Adapting to the new core has been a good challenge. Teachers in my school have always pushed informational reading strategies, but I feel this takes it up a level. Reading to find whether a conflict is grounded in differing facts or differing interpretations of fact is an essential skill for any literate adult. It's also a skill that takes some time and instruction to develop.
First, I made sure my students understood the difference between fact and opinion. In my classroom, an opinion is described as an interpretation of facts, so I consider "interpretation" and "opinion" to be interchangeable. Let me reframe the standard to make it a bit simpler: find texts with conflicting views on the same subject and determine whether the conflict centers on fact or opinion. Depending on the texts, it could be either or both, so students should have multiple opportunities to practice this skill.
Here are the texts I have used so far:
The Holt Literature textbook has two great pieces for this purpose: a Union Pacific Railroad poster selling the Nebraska plains to the pioneers, and "Home, Sweet Soddie" by Flo Ota De Lange. Students read and compare both in order to answer the question, which is more objective? Students should recognize that the poster is cherry-picking or reframing the facts to make the opportunity sound more appealing. This is a case where the conflict arises because the authors are presenting different facts.
Students have been told a lot about why they should or should not use Wikipedia. Argue the proper use of Wikipedia after reading three articles that provide conflicting viewpoints.
"Snared in the web of a Wikipedia liar" from New York Times
"In an effort to boost reliability, Wikipedia looks to experts" from Wall Street Journal
"Is Wikipedia a Victim of Its Own Success?" from Time Magazine
Students should note the timeline of the articles presented: the "Wikipedia liar" article is from 2005, and the more recent articles focus on the change Wikipedia has made to boost reliability.
Examine out-of-context quotes about Abraham Lincoln, or any US president. (Link to my overhead about Lincoln here) I use this as an anticipation guide/lesson starter for a discussion of how a limited scope of facts leads to bias.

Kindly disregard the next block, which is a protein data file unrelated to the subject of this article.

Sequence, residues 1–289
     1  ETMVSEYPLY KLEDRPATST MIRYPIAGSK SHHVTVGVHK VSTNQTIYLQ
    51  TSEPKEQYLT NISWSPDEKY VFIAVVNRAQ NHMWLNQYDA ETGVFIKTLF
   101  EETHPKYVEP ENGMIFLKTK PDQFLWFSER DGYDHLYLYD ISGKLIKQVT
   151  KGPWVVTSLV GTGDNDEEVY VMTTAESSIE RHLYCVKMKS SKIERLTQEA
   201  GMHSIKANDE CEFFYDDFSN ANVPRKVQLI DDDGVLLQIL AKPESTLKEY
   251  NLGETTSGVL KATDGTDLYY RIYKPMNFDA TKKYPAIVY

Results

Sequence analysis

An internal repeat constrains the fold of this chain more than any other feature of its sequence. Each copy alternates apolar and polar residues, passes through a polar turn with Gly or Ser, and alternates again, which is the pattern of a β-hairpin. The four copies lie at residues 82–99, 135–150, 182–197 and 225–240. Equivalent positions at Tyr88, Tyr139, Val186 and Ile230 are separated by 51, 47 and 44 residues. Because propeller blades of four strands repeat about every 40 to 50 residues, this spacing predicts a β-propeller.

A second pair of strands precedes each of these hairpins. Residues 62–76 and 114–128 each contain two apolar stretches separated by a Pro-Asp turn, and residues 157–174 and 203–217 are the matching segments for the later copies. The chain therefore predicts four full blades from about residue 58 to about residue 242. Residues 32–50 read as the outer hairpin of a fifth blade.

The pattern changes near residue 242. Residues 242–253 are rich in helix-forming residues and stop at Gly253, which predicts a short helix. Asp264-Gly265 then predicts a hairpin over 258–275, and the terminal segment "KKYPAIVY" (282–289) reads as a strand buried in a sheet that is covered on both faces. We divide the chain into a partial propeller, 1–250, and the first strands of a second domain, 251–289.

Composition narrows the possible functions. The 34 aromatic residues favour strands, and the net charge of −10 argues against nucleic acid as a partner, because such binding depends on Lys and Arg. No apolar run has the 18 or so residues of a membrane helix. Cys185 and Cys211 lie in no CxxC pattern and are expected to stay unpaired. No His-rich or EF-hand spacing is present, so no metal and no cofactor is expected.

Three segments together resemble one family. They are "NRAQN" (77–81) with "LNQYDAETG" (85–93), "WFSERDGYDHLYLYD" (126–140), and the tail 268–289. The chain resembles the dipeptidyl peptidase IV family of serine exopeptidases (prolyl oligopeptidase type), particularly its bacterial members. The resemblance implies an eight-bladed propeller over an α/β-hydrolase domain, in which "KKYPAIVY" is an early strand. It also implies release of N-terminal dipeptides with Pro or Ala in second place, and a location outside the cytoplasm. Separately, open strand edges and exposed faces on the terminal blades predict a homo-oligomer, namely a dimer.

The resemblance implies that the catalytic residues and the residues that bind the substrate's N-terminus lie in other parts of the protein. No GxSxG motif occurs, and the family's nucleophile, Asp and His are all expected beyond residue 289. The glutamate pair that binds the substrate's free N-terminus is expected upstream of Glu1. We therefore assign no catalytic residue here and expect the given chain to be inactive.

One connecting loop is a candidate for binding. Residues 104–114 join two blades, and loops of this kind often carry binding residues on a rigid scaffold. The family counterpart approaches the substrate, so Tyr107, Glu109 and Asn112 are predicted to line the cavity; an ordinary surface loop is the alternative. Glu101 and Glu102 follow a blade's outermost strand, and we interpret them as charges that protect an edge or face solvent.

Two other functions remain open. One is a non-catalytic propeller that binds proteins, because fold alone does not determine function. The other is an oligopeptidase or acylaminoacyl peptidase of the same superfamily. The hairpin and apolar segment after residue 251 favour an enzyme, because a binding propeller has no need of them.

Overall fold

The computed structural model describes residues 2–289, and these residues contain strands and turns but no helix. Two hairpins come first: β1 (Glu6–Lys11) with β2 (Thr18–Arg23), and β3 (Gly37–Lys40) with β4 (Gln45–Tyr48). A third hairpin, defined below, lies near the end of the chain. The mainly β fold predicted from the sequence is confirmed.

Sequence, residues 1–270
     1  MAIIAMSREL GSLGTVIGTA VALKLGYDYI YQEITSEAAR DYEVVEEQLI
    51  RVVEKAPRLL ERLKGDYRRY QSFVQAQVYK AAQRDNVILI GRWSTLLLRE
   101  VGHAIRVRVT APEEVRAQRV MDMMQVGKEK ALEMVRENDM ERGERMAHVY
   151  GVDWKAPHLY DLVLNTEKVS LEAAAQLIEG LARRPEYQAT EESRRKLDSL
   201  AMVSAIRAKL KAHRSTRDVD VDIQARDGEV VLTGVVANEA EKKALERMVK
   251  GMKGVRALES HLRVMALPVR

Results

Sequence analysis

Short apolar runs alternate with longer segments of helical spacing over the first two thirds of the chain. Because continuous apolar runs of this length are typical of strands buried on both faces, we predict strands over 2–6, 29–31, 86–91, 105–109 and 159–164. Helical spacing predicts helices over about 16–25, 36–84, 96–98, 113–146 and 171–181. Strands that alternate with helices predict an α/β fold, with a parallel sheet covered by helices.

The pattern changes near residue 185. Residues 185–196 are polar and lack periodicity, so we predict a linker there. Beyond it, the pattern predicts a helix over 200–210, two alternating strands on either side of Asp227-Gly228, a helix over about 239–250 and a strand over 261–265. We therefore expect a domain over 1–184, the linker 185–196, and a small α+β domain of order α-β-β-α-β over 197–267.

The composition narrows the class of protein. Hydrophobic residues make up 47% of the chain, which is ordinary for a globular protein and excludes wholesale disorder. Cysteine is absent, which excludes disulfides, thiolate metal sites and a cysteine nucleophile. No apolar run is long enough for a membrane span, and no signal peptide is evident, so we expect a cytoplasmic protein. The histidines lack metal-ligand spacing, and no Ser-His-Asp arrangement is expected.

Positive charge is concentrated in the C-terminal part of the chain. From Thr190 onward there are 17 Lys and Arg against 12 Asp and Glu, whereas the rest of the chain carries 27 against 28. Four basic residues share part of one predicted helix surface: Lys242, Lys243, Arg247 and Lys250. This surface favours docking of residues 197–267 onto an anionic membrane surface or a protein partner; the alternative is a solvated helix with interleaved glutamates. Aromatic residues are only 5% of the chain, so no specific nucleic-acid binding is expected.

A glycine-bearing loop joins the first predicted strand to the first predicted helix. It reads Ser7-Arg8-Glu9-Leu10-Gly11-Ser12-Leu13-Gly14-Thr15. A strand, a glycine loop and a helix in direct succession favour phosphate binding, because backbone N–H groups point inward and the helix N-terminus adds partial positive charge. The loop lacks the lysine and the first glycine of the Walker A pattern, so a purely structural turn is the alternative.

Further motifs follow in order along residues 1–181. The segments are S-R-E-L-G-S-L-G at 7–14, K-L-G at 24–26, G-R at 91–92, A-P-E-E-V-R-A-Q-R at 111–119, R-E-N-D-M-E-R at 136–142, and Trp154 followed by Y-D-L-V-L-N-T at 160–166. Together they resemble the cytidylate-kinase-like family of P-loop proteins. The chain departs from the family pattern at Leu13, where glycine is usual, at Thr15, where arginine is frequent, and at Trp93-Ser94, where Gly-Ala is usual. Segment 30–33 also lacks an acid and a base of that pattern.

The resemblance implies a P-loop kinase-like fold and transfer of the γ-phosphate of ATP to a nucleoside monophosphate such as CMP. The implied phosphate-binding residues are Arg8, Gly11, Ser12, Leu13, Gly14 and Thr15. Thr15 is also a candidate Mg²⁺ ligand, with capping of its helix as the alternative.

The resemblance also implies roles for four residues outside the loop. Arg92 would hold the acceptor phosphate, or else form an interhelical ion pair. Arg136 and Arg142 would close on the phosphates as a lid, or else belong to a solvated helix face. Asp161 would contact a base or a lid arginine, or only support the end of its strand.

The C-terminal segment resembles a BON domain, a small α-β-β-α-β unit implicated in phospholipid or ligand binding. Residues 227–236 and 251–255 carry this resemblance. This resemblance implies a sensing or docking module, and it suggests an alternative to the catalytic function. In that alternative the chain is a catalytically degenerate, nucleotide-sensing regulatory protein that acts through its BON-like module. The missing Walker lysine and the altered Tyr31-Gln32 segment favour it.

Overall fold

The supplementary materials for the Holt Literature book also have two articles about Captain James Cook. One is praises Captain Cook, and deliberately glosses over some of his violent actions towards his crew and native islanders. The second is more objective, although it presents pretty much the same information. I had students highlight facts and opinions, and then explain which treatment was more objective and why. I asked them to specifically analyze how the first article used or rephrased facts to support his interpretation of Cook as a hero.
For their final mastery assessment, I'm having students read articles about Benedict Arnold**. One, ""Without Arnold, Revolution Would Have Been Lost" by Bill Stanley" argues that Arnold is more hero than traitor. The other, "Hidden History of the American Revolution: Part IV: The Traitor" from Boys' Life clearly paints him as a traitor, and only an incidental hero. This is, I feel, a perfect example of texts presenting the same facts with conflicting interpretations. Here is the entire assignment I gave my students: http://www.edubrooke.com/docs112/benedictarnold.htm.
**I focus on history texts because they complement the 8th grade Social Studies curriculum.
Link to English/Language Arts Common Core here: http://www.corestandards.org/the-standards/english-language-arts-standards